Two peat mounds have developed in the Lost River peatland. One has the chemical and physical properties of an extremely rich fen and the other has the properties of a raised bog. The mounds are separated by a water track with poor-fen vegetation and chemistry. The vegetation at Lost River can be divided into 5 noda that correspond to landform units:spring-fen channel; spring-fen forest, marginal swamp forest, water track, and raised bog. These vegetation types have well-defined ranges for pH and Ca concentration. Ordinations of vascular plant and bryophyte data indicate a close relationship between the vegetation and both moisture and chemical gradients. The link between vegetation and chemistry is also supported by plots of species richness vs pH and Ca concentration in which the peak in species numbers occurs within the rich-fen range. Amount of groundwater within the surface waters ranges from 50% in the spring-fen channels to 1% on the raised bog. The raised bog developed over a depression, which was first filled in with fen peat before minerotrophic sphagna invaded the site c2625 BP. BY 2200 BP all fen indicator species had disappeared and the site was dominated by assemblages similar to those in the present raised bog. The spring-fen mound, however, developed over a rise in the mineral substrate, which was not covered by peat until 3000 BP. The mound was quickly colonized by Sphagnum and no fen indicators appeared until 1160 BP. At this time the bog vegetation was replaced by a sedge fen containing assemblages similar to the present spring-fen channel. This sharp reversal from bog to fen under the spring-fen mound can best be explained by the discharge of alkaline groundwater at the peat surface in sufficient quantities to convert the bog vegetation to a spring-fen channel. -from Authors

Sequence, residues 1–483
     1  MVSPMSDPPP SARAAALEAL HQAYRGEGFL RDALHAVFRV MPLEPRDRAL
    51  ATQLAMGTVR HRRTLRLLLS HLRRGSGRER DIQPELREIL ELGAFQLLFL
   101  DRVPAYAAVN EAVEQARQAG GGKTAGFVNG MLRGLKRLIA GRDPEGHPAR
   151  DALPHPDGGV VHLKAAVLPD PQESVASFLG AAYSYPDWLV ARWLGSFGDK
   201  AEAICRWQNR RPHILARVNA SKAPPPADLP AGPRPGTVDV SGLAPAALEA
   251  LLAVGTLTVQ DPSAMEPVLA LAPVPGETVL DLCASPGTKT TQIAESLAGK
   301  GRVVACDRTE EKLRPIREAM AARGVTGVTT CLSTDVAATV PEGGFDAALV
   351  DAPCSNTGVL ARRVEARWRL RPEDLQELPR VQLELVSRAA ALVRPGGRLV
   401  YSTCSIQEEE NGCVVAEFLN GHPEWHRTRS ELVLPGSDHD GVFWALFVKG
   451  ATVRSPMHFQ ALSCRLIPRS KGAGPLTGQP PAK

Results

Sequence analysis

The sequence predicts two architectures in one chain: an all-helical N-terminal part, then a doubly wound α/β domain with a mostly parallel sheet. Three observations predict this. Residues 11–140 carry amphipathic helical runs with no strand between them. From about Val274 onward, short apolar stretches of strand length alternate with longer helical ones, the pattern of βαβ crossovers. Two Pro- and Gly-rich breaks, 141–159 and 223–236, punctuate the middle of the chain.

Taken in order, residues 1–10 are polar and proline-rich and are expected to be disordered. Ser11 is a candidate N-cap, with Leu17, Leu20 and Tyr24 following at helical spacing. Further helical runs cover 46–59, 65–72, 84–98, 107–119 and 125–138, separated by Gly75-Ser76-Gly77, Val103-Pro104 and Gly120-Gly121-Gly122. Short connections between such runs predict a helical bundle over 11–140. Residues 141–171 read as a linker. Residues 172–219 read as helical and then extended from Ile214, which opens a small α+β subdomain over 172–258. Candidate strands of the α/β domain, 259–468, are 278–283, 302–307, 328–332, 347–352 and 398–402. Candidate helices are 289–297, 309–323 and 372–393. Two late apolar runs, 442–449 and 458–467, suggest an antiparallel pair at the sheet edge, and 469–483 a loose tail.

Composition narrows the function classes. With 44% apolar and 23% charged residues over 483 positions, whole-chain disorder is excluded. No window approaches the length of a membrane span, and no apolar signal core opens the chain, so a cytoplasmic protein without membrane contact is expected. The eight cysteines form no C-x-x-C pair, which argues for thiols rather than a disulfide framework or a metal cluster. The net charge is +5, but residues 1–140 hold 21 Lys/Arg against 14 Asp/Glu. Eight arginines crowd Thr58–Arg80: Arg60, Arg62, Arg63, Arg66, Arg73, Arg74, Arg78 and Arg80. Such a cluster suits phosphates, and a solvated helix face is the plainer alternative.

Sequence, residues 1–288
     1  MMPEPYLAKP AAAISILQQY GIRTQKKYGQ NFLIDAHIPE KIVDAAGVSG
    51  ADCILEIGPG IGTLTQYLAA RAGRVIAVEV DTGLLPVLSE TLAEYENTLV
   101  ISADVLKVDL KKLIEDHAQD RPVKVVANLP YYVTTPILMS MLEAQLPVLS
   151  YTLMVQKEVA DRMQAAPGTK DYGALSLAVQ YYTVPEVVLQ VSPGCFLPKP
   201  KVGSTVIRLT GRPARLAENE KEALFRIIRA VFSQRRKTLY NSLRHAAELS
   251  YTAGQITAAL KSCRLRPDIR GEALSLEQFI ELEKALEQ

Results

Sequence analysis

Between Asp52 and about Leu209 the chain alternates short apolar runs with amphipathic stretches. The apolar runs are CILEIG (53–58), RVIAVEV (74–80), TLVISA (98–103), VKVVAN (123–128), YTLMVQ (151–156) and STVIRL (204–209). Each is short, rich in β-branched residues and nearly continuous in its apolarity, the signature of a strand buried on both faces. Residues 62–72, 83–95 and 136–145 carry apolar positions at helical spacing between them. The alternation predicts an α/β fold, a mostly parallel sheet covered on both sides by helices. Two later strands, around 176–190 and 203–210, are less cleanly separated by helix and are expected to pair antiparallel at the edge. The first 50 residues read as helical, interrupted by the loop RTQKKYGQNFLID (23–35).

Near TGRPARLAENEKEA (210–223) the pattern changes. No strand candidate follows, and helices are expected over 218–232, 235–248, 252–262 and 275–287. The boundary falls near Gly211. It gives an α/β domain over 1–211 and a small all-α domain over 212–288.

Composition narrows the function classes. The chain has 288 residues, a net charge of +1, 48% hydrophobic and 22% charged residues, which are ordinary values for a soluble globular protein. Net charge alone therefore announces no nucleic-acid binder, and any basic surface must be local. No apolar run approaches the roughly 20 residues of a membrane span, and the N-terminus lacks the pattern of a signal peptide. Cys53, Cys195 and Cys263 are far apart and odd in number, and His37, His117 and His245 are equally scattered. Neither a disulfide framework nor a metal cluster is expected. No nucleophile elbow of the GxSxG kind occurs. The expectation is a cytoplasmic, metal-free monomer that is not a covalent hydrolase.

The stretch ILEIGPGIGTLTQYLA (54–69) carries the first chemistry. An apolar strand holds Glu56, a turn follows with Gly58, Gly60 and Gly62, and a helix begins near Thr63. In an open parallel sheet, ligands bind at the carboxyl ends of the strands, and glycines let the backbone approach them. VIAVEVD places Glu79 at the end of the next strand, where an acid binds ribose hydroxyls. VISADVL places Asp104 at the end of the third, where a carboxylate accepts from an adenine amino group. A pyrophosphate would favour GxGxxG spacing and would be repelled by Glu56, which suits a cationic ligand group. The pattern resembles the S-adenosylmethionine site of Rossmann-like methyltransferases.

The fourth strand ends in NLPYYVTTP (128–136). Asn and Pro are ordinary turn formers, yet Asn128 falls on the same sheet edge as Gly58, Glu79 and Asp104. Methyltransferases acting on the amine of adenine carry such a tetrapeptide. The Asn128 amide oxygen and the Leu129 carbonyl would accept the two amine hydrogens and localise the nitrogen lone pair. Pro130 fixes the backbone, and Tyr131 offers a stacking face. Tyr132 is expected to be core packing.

Copyright 2018 Elsevier B.V., All rights reserved.